Climate Study: Rising Seas Could Wipe Out Many Cultural Landmarks

The Statue of Liberty stands on Liberty Island in New York Harbor
The Statue of Liberty stands on Liberty Island in New York Harbor, where it was dedicated in 1886 as a gift to the American people from France. (Image credit: Statue of Liberty photo via Shutterstock)

If current trends in global warming continue unmitigated, some of the world's most well-known and historically significant cultural landmarks — including the Statue of Liberty in New York City, the Tower of London in the United Kingdom, and the archaeological sites of Pompeii in Italy — could be destroyed by rising global sea levels over the next 2,000 years, according to new research.

A new study examining the long-term effects of sea-level rise on the 720 spots around the world that have been designated UNESCO World Heritage Sites found that roughly 20 percent of them could be ruined if temperatures rise 5.4 degrees Fahrenheit (3 degrees Celsius) above pre-industrial levels over the next two millennia, said study lead author Ben Marzeion, an assistant professor at the Institute of Meteorology and Geophysics at the University of Innsbruck in Austria.

"I didn't expect that so many of the UNESCO World Heritage Sites would be affected," Marzeion told Live Science. "I knew that many of the sites are close to the sea, but I didn't expect to have such high numbers. If you asked me when I started doing this, I would have said maybe 2 or 5 percent." [8 Ways Global Warming is Already Changing the World]

The findings are also worrisome because the scenario imagined in the study — that is, a temperature increase of 5.4 degrees F (3 degrees C) above pre-industrial levels — is not much more extreme than current climate change projections, the researchers said. 

'Realistic' scenario

In order to avoid the most devastating impacts of global warming, climate scientists have warned that emissions of carbon dioxide and other greenhouse gases need to be cut in order to keep the increase in average global temperature to less than 3.6 degrees Fahrenheit (2 degrees Celsius). This recognized benchmark was set by climate negotiators in Copenhagen in 2009.

Some estimates indicate that even if countries start making efforts to reduce greenhouse gas emissions today, the 3.6 degree F threshold will still likely be surpassed by the end of the century.

"Three degrees Celsius [5.4 degrees Fahrenheit] of warming is not extraordinary," Marzeion said. "I think it's quite realistic that we're going to see that."

Sea-level rise has been a key concern for climate scientists, but making precise projections of how much, and how fast, sea levels may rise remains tricky. As water heats up, it expands and takes up more space, which causes sea levels to rise. Furthermore, rising surface temperatures trigger melting ice, particularly in the sprawling ice sheets that cover Greenland and Antarctica.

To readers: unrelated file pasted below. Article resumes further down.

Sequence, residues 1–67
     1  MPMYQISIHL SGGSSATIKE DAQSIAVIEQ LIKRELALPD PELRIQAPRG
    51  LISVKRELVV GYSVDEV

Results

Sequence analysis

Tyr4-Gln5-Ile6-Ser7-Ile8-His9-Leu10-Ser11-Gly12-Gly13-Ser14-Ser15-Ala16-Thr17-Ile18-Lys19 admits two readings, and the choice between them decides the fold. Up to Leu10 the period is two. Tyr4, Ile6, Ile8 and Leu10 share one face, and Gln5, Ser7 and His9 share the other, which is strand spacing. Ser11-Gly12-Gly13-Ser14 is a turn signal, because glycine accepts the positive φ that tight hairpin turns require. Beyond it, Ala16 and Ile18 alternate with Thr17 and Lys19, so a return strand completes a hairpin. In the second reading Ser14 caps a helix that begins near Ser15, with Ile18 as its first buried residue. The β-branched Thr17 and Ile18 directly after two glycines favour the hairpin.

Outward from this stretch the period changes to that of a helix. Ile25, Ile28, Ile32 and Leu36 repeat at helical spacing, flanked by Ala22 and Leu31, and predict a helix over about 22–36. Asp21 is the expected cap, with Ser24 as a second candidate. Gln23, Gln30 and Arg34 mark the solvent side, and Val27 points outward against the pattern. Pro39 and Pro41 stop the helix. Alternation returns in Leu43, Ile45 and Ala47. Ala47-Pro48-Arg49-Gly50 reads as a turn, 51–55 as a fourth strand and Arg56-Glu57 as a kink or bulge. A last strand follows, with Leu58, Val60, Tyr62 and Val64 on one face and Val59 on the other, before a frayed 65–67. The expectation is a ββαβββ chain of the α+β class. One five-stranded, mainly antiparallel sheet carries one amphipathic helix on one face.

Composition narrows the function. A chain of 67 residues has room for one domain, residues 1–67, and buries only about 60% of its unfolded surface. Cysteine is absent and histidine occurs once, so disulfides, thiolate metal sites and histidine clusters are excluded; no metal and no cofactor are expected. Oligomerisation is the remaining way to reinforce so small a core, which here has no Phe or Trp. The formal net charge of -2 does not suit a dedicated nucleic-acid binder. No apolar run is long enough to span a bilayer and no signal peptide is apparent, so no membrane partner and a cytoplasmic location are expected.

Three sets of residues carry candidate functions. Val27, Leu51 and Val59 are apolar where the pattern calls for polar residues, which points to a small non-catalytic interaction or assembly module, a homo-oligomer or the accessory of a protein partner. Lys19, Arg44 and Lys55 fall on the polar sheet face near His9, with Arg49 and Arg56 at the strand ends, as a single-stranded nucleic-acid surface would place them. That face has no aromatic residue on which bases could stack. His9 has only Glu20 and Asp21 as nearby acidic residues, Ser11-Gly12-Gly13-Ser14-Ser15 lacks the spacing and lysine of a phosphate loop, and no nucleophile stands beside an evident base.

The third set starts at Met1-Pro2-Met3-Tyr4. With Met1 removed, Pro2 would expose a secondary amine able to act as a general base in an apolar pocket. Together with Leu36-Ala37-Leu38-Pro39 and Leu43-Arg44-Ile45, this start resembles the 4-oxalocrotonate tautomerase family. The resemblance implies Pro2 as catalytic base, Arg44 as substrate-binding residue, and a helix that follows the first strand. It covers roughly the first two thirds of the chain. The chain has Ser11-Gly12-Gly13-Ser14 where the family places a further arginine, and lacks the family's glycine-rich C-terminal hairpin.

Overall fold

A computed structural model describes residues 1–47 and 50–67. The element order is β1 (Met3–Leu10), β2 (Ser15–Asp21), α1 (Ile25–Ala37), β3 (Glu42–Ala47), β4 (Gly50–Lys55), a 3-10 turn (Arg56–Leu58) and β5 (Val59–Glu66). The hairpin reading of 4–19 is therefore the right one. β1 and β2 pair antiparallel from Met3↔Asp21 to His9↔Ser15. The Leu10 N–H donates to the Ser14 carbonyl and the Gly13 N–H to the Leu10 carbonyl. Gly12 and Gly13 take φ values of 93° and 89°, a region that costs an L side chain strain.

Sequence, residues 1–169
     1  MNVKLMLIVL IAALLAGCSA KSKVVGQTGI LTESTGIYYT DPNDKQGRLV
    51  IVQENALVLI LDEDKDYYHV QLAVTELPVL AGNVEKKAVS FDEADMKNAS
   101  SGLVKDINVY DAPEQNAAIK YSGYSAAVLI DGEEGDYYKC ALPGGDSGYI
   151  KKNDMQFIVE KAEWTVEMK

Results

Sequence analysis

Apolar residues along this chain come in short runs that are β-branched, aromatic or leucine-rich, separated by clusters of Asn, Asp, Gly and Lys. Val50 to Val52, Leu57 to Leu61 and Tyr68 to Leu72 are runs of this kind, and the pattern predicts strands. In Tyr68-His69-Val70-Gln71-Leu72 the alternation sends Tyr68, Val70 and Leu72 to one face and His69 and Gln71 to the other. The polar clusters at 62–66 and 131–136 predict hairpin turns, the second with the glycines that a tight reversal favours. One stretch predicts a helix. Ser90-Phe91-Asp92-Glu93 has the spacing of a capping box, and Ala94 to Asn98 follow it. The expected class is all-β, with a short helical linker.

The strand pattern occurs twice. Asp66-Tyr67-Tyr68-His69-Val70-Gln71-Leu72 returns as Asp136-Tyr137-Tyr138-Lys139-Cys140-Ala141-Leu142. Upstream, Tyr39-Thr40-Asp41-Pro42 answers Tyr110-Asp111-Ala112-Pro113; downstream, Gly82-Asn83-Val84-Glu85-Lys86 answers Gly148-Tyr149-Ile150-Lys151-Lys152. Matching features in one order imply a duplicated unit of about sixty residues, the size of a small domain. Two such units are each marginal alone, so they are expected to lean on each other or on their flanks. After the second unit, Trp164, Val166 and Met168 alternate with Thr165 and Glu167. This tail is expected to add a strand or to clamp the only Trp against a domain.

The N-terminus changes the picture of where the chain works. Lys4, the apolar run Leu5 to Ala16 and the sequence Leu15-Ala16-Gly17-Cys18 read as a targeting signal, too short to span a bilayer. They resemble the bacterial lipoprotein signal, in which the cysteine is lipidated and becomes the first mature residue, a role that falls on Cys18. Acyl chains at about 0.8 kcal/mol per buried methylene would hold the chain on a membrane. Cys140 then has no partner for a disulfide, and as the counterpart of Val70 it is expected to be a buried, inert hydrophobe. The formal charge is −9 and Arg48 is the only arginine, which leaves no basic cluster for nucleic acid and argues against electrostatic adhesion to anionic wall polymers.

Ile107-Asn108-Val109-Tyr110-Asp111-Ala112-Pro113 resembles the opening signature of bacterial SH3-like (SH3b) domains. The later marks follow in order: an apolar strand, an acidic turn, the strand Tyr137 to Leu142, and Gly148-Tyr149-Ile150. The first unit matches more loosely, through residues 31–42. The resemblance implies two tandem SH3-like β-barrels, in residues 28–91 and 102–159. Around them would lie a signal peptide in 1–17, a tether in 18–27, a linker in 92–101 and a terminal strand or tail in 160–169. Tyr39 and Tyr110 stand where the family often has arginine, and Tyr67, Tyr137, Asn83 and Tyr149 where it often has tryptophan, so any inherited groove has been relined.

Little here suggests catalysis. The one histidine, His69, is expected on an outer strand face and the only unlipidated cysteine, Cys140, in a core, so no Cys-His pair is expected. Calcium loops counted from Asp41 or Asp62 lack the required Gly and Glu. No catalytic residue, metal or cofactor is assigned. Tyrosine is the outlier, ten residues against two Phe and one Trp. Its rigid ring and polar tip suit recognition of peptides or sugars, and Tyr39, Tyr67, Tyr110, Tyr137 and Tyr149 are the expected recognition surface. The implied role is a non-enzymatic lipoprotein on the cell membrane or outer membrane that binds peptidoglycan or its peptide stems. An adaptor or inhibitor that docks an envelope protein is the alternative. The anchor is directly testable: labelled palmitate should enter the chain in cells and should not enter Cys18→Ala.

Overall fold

It is difficult to make accurate predictions of how much sea levels may rise, but Marzeion said it is generally thought that for every 5.4 degrees F of warming, sea levels could rise nearly 23 feet (7 meters).

Uneven rise

Yet, global sea levels do not rise uniformly, which means different regions of the world will likely experience different impacts, the researchers said.

"If you think about Greenland at the moment, there is a lot of ice concentrated there," Marzeion said. "This mass exerts gravitational force, which means the ocean water is kind of pulled toward Greenland."

Melting ice causes a rearrangement of mass, which slightly alters the tilt of the planet's axis. This subtle shift causes the oceans to redistribute, and the changes can be uneven, which means some places will see higher-than-normal sea levels, while others may see slight decreases, the researchers said.

"After 2,000 years, the oceans would have reached a new equilibrium state and we can compute the ice loss from Greenland and Antarctica from physical models," study co-author Anders Levermann, a scientist at the Potsdam Institute for Climate Impact Research, said in a statement. "At the same time, we consider 2,000 years a short enough time to be of relevance for the cultural heritage we cherish."

The researchers used UNESCO's list of World Heritage Sites as a way to quantify locations around the world that had been deemed culturally significant and worthy of protection. The Statue of Liberty, Tower of London and Sydney Opera House, in Australia, are among the 136 cultural sites that could be impacted by sea-level rise.

"When people think about climate change, most of the time they're thinking about ecological or economic consequences," Marzeion told Live Science. "We thought it would be interesting to add another dimension to that: the cultural implications of climate change."

Follow Denise Chow on Twitter @denisechow. Follow Live Science @livescience, Facebook & Google+. Original article on Live Science.

Denise Chow
Live Science Contributor

Denise Chow was the assistant managing editor at Live Science before moving to NBC News as a science reporter, where she focuses on general science and climate change. Before joining the Live Science team in 2013, she spent two years as a staff writer for, writing about rocket launches and covering NASA's final three space shuttle missions. A Canadian transplant, Denise has a bachelor's degree from the University of Toronto, and a master's degree in journalism from New York University.